Dexter Filkins fears so:
One political change that might prevent civil war, some opposition leaders say, would be the imposition of a federal system in which power would devolve to the provinces. Such a move could essentially cede dominion to the Taliban in the south and the east but protect the rest of the country. In 2004, when the new Afghan constitution was ratified, under American supervision, the central government, in Kabul, was given extraordinary powers, including the right to appoint local officials. The hope then was that a strong central government would unite the country.
If a federal system were to be adopted, some Afghan leaders say, it might matter less to the Tajiks and other minorities if the Taliban were allowed to govern Pashtun provinces in the south and the east. (How it would matter to the Pashtuns, and particularly to Pashtun women, isn’t much discussed.) As it is, many of the most prominent leaders of Afghanistan’s minority groups appear to be preparing for civil war.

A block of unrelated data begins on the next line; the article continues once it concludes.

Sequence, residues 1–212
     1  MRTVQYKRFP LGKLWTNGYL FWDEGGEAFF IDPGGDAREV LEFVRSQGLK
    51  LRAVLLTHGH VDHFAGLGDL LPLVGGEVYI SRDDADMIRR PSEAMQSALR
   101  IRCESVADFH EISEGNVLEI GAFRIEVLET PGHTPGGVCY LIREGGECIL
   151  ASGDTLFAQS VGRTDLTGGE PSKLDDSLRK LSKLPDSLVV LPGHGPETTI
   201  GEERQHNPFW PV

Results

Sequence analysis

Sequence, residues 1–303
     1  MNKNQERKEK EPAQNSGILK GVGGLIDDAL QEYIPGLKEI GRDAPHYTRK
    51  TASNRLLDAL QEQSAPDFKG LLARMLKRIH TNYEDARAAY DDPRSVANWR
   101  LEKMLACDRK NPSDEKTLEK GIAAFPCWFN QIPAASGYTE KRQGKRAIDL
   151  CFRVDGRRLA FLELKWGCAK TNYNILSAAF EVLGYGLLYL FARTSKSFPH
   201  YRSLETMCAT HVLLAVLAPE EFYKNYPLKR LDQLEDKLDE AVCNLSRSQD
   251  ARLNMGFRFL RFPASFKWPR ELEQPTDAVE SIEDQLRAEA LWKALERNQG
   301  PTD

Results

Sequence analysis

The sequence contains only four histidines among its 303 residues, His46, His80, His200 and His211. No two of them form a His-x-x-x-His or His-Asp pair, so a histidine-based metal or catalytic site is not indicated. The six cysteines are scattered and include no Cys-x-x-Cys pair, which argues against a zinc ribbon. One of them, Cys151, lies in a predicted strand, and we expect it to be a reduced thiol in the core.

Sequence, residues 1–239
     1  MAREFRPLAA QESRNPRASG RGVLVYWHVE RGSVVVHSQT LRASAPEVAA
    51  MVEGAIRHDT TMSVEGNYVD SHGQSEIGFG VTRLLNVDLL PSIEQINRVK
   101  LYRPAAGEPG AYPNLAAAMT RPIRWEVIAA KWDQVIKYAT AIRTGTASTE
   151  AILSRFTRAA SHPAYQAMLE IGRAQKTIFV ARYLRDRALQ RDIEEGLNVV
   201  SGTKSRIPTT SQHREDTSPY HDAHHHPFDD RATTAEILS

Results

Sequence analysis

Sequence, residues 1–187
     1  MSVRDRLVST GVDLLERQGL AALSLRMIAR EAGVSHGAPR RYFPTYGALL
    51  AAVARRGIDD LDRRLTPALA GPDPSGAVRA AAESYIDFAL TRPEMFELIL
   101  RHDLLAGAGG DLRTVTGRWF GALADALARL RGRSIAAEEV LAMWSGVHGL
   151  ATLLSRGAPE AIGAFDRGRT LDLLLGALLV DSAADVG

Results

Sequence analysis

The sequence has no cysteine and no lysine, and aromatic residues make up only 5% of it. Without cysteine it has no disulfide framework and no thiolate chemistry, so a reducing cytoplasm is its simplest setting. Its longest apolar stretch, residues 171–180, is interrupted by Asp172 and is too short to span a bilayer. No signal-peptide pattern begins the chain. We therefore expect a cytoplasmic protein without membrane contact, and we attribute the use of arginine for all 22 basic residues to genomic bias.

(Photo: The body of an insurgent is pictured following an attack by Taliban militants at the Spozhmai Hotel in Qargha lake on the outskirts of Kabul on June 22, 2012. By Qais Usyan/AFP/Getty Images)